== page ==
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Pop culture obsessives writing for the pop culture obsessed.

Sean Saves The World

Illustration for article titled Sean Saves The World

Since 2007, TV Club has dissected television episode by episode. Beginning this September, The A.V. Club will also step back to take a wider view in our new TV Reviews section. With pre-air reviews of new shows, returning favorites, and noteworthy finales, TV Reviews doesn’t replace TV Club—as usual, some shows will get the weekly treatment—but it adds a look at a bigger picture.

There’s nothing any review of NBC’s new sitcom Sean Saves The World could say that’s as damning to the show’s aspirations of quality as a look at the promotional art the network cooked up for the show. It’s the series in a nutshell: Why, there are old sitcom pros Sean Hayes and Linda Lavin! And a cute kid! Why are they all posed like this show is supposed to air between Friends and Seinfeld in 1997? Even the title of the show—Sean Saves The World—has a whiff of those famously terrible sitcoms to it. The name of the protagonist is attached to some larger-than-life statement meant to cheekily suggest just what our plucky hero will be up against. In this case, his primary villain is boredom.

What really stinks about this is that Sean Saves The World should have everything going for it. In front of the camera, there’s Hayes, playing a gay man trying to raise a teenage daughter (Samantha Isler) from a prior, failed marriage. Add to experienced pro Hayes and winning find Isler the great Lavin—who knows her way around a live studio audience—playing Hayes’ mother, as well as a formidable bench in Megan Hilty, Echo Kellum, and Vik Sahay as Hayes’ co-workers at an online retailer. Mix with a liberal dose of Thomas Lennon at his weirdest (as Hayes’ boss), and you’ve got what might be the best sitcom cast of a fall stacked with great sitcom casts.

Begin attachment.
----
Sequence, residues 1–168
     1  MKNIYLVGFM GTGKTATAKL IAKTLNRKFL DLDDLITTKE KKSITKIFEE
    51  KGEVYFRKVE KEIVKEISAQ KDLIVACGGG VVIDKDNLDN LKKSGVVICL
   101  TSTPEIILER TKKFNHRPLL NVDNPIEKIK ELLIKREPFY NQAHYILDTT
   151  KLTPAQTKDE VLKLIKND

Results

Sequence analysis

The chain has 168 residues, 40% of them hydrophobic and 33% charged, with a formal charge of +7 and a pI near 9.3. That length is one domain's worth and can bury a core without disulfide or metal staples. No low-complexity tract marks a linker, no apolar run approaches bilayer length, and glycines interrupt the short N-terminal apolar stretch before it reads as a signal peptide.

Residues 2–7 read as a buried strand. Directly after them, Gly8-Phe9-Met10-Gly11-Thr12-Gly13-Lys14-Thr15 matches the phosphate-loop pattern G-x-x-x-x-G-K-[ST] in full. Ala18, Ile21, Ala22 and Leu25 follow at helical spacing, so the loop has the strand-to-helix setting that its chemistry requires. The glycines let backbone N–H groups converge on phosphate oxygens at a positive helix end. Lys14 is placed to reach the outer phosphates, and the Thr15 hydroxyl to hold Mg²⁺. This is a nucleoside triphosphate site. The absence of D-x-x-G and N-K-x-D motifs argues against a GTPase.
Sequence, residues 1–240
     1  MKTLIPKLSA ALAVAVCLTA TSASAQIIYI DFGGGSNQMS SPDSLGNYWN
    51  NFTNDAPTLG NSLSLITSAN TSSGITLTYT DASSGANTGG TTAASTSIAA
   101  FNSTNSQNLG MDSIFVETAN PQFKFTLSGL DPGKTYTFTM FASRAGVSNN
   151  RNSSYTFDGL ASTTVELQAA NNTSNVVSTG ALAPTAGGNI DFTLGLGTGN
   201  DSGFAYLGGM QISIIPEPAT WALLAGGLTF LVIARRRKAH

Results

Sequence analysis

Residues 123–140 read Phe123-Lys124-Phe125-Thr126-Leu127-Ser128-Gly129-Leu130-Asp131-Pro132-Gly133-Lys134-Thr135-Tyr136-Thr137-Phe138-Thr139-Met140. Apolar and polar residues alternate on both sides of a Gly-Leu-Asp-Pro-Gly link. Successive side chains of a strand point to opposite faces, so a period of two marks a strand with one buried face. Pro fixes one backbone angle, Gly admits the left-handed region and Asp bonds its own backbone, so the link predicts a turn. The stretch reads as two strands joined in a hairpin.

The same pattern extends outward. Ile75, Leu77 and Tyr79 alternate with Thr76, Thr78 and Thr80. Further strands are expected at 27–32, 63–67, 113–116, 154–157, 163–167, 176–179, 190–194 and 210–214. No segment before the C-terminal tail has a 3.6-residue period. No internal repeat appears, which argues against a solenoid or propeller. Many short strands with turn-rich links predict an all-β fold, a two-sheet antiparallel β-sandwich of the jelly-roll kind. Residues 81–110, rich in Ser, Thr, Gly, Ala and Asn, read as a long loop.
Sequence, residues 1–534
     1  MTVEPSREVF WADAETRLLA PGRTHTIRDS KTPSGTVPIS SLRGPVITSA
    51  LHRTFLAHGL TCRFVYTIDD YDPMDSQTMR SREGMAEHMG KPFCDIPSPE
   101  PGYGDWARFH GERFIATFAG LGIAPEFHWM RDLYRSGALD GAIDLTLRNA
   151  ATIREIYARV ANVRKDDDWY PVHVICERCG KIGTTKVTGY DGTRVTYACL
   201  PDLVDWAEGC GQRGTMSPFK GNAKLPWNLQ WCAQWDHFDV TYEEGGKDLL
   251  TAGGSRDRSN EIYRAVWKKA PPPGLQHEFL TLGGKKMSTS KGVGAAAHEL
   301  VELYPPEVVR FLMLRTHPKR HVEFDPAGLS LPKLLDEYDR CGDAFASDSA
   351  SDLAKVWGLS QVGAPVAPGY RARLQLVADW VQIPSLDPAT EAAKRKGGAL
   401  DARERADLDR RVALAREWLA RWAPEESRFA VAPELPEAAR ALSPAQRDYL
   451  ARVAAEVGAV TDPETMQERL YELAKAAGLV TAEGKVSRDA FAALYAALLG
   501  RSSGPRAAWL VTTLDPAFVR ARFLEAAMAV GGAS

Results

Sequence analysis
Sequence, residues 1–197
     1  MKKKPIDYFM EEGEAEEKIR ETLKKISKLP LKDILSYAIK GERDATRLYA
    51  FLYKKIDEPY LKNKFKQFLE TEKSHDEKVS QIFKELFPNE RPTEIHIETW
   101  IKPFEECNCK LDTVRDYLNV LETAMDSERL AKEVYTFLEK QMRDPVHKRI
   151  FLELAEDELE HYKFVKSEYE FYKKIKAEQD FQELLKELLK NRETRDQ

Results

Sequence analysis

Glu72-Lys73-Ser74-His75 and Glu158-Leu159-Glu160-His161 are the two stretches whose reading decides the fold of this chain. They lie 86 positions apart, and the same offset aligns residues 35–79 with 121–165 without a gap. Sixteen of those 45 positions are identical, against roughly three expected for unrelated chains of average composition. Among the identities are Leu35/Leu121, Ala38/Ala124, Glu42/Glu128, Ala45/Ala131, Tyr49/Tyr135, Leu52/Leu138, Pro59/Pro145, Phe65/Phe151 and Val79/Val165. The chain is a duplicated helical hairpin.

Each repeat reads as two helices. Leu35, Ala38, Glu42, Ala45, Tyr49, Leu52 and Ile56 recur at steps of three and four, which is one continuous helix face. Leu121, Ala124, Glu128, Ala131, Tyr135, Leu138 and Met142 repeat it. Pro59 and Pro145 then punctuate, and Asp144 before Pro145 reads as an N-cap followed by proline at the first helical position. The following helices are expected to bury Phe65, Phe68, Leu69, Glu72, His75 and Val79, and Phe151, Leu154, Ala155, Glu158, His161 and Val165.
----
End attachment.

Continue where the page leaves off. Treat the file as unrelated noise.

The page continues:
The behind-the-camera talent is impressive as well, starting with series creator Victor Fresco, best known for his work on Andy Richter Controls The Universe and Better Off Ted, two series that perfectly skewered American corporate life. Fresco’s no stranger to multi-camera sitcoms either; he created the better-than-its-reputation Life On A Stick, a bouncy multi-cam about workers in a mall food court that died a quick death on Fox. And as if that weren’t enough, the first two episodes—NBC sent out three—are directed by the legendary James Burrows, who worked extensively with Hayes on Will & Grace.

Theoretically, this should be the perfect blend of old comedy pros who know what they’re doing and fun, fresh faces who bring quick wits and/or live-theater experience. Instead, Sean Saves The World is almost completely devoid of laughs, outside of a few moments when Lennon puts over a bit of weirdness via his strange, clipped delivery. The gags here are eminently predictable most of the time—all three episodes feature some variation on a character saying something that could get them in trouble and quickly correcting to some other saying no rational person would ever believe—and when they’re not, they tend to fall into the school of, “Hey, wouldn’t it be weird if…” humor, where the characters behave strangely, and there’s no rhyme or reason for when or why they do so.